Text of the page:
There has been extensive research on the use of nanovectors for cancer therapy. Targeted delivery of nanotherapeutics necessitates two important characteristics: the ability to accumulate at the disease locus after overcoming sequential biological barriers and the ability to carry a substantial therapeutic payload. Successful combination of the above two features is challenging, especially in solid porous materials where chemical conjugation of targeting entities on the particle surface will generally prevent successful loading of the therapeutic substance. In this study, we propose a novel strategy for decorating the surface of mesoporous silicon particles with targeting entities (bacteriophage) and gold nanoparticles (AuNP) while maintaining their payload carrying potential. The resulting Bacteriophage Associated Silicon Particles (BASP) demonstrate efficient encapsulation of macromolecules and therapeutic nanoparticles into the porous structures. In vitro targeting data show enhanced targeting efficiency with about four orders of magnitude lower concentration of bacteriophage. In vivo targeting data suggest that BASP maintain their integrity following intravenous administration in mice and display up to three fold higher accumulation in the tumor.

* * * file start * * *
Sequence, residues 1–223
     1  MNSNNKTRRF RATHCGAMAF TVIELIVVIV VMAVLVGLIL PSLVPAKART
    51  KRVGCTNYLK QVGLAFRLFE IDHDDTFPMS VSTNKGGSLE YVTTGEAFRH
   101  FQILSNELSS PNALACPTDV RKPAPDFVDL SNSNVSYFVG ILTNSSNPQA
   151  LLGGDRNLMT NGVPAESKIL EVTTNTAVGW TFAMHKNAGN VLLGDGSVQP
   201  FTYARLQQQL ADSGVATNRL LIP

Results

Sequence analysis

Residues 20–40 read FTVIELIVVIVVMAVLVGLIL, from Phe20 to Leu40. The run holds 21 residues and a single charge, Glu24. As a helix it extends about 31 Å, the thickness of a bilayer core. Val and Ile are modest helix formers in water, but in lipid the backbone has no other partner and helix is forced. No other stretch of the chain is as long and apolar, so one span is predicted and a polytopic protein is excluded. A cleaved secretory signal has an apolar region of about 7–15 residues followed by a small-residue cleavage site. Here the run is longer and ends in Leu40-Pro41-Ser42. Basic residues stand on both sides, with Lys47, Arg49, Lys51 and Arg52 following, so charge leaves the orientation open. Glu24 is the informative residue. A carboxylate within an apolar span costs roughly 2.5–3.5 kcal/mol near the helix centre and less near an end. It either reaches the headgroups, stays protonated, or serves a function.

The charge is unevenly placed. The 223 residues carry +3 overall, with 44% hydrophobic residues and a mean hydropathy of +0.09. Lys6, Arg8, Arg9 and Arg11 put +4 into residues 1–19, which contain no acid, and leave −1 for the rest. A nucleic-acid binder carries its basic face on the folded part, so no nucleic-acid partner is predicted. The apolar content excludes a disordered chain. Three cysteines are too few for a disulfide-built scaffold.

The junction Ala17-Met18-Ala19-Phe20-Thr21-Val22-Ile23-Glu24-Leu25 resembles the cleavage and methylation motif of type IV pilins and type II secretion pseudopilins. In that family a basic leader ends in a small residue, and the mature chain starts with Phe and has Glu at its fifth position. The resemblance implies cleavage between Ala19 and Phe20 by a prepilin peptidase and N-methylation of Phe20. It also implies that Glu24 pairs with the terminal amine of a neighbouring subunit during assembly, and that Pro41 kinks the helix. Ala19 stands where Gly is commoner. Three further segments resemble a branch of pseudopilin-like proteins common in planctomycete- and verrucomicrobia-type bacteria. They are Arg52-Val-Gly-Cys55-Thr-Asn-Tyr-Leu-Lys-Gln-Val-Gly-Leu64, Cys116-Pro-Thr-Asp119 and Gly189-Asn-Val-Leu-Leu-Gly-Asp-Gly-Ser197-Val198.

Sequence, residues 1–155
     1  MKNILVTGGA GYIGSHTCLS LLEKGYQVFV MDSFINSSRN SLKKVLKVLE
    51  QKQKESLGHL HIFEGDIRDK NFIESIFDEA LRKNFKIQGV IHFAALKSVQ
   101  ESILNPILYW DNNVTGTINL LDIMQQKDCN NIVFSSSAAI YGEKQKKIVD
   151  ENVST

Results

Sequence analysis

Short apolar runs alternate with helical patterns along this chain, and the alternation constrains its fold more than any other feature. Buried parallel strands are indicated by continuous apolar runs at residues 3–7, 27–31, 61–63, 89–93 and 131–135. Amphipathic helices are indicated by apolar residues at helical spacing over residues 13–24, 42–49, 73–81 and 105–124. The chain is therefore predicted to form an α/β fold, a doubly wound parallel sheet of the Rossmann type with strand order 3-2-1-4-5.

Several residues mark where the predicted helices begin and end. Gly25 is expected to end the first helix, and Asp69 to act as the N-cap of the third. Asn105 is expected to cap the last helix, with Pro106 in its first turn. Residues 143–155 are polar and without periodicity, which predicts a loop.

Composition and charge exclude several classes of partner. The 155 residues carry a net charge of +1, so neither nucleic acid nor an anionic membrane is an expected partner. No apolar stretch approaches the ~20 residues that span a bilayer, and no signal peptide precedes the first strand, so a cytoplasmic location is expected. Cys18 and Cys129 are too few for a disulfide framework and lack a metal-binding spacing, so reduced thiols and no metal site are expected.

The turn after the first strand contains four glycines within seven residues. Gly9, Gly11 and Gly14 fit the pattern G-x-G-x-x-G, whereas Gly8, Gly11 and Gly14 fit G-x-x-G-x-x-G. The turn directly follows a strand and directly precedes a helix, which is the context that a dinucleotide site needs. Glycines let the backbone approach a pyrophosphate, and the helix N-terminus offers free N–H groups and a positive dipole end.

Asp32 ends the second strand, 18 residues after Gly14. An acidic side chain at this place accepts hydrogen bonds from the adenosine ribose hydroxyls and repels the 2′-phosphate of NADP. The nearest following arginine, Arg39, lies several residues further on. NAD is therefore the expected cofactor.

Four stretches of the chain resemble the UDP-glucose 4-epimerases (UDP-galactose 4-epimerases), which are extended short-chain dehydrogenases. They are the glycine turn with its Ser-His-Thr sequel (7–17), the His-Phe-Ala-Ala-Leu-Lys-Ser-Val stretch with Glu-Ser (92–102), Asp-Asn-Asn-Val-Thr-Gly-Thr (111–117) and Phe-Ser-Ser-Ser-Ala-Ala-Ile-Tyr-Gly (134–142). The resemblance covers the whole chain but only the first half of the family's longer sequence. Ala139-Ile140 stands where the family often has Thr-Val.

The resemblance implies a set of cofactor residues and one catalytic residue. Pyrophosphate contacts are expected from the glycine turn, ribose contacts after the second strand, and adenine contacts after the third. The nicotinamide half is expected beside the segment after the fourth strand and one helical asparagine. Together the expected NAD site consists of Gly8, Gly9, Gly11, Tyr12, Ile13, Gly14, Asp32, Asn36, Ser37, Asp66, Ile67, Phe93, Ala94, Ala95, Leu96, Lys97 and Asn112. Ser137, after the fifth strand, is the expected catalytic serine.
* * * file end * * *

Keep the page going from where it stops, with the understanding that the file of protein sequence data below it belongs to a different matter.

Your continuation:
|Original language||English (US)|
|Number of pages||12|
|Journal||Journal of Materials Chemistry B|
|State||Published - Oct 21 2013|
ASJC Scopus subject areas
- Biomedical Engineering
- Materials Science(all)